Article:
Second, you have to be okay with the smaller size of the pots. You’re already getting a lot of cheap utensils in the box, so if you’re not going to get a lot of use out of a 1-quart pot, you might want to consider a slightly more expensive cookware set. If you’re moving into a small apartment, however, you’ll probably appreciate the slightly smaller nature of this set.

If you’re not planning on cooking for lots of mouths, however, this cheap non-stick cookware set is a great way to put lots of cookware in your kitchen without spending a lot. It’s fairly good quality and quite pleasant to cook on. Most importantly, the food that you cook with this set tastes the same as food cooked on a much more expensive Demeyere set.

* Vremi Ceramic Cookware Set

If you’re after something a bit bigger or nicer looking, this 8 piece cookware set comes with two large dutch-oven style pots, a casserole dish, and two frying pans. While none of the pieces are oven safe, they’re still quite good for cooking food low and slow due to their heavier nature.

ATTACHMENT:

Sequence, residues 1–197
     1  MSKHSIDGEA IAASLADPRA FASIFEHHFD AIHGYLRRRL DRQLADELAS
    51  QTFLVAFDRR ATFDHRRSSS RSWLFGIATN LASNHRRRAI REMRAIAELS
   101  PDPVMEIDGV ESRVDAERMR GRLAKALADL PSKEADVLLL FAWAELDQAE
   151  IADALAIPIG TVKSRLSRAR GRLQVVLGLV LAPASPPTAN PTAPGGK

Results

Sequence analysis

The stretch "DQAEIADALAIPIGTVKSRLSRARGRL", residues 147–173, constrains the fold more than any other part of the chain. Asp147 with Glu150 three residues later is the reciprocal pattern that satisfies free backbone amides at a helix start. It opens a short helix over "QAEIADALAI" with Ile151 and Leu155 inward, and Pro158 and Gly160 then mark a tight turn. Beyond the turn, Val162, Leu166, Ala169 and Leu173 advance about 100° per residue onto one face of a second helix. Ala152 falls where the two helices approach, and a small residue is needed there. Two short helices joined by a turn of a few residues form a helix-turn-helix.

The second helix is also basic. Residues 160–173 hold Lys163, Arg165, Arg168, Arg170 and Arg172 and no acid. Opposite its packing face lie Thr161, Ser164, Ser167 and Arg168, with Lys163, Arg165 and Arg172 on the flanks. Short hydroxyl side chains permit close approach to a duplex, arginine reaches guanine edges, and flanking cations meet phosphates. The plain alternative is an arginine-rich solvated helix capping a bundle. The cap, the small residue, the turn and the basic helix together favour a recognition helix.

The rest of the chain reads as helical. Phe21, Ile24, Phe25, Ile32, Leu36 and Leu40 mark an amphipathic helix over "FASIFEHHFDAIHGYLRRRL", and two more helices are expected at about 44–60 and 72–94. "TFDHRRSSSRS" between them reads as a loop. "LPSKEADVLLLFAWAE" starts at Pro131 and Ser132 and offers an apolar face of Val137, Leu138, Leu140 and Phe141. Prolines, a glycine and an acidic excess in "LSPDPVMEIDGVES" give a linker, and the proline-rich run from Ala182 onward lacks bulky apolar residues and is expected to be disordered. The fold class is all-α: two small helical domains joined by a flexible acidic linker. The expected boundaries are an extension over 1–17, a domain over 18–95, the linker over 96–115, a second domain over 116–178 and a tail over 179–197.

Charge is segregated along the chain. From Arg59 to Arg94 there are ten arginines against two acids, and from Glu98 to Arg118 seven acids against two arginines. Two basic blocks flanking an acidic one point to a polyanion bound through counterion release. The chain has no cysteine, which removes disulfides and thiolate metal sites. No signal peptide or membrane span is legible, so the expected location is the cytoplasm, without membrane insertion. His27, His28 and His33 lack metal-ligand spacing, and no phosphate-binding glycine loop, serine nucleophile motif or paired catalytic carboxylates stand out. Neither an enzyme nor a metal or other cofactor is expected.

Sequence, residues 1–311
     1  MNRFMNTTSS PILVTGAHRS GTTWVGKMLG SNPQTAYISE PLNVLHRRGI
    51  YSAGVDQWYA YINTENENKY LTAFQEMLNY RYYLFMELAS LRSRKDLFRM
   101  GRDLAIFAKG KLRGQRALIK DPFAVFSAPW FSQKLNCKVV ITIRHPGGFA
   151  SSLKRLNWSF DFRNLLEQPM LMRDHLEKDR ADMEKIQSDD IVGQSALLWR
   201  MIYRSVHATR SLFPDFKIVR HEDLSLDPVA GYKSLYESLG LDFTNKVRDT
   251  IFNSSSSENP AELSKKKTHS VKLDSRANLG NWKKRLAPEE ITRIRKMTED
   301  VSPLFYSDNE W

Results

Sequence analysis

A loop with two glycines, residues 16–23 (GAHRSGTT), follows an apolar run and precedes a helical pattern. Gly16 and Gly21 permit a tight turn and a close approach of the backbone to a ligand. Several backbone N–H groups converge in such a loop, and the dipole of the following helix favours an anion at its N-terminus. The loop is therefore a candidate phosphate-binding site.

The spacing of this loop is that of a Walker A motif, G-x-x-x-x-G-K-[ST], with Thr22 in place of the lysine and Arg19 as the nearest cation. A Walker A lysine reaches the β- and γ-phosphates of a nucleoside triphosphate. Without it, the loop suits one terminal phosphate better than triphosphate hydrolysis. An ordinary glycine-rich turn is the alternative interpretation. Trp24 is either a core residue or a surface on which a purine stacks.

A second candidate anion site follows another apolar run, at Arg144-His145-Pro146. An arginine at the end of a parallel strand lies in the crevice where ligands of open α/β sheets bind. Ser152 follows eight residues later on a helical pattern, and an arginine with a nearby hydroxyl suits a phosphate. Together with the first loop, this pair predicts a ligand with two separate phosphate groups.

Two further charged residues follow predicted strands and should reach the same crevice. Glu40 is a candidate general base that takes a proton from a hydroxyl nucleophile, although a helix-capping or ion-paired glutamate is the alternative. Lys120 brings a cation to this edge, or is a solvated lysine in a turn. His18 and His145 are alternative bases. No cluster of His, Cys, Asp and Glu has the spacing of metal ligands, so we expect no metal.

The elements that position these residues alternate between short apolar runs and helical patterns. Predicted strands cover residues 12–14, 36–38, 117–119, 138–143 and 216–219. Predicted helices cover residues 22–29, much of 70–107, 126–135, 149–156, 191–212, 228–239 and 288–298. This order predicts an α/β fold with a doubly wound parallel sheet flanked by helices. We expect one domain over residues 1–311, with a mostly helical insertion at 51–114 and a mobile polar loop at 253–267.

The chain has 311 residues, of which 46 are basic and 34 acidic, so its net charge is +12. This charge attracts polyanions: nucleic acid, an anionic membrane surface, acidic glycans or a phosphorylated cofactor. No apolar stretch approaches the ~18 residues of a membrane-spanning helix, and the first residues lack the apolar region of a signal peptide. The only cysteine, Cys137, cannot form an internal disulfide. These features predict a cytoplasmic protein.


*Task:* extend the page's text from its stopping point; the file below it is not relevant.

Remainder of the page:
Each pot and pan in this set is made from aluminum that’s encapsulated in between thick layers of non-stick ceramic. The interior of the pans is smooth and slippery. They compete effortlessly with the best Teflon pans in terms of ease of use and cleaning. Again, you can easily replicate any in-store demonstration with these vessels at home.

Just like the set above, however, the handles on this set are somewhat prone to being damaged through normal use. They’re especially sensitive to heat, which is an odd quality to have in a set of pots and pans. You’ll want to avoid using this set in the oven at all costs.

One very nice feature of this set is built into the bottom of each pot and pan. This non-stick ceramic set works perfectly on an induction range with no extra steps or products, which is surprisingly rare.

Additionally, this set is also dishwasher safe, unlike the traditional non-stick set above.

While the non-stick ceramic used in these pots and pans is effective, it’s not going to massively outperform the more traditional PTFE non-stick in terms of longevity. It won’t flake off, sure, but ceramic non-stick will definitely become more “sticky” over time. You’ll still have to replace this set after a few years of use if you don’t want food to stick to it. Again, how long this will take will vary based on your use and cleaning habits.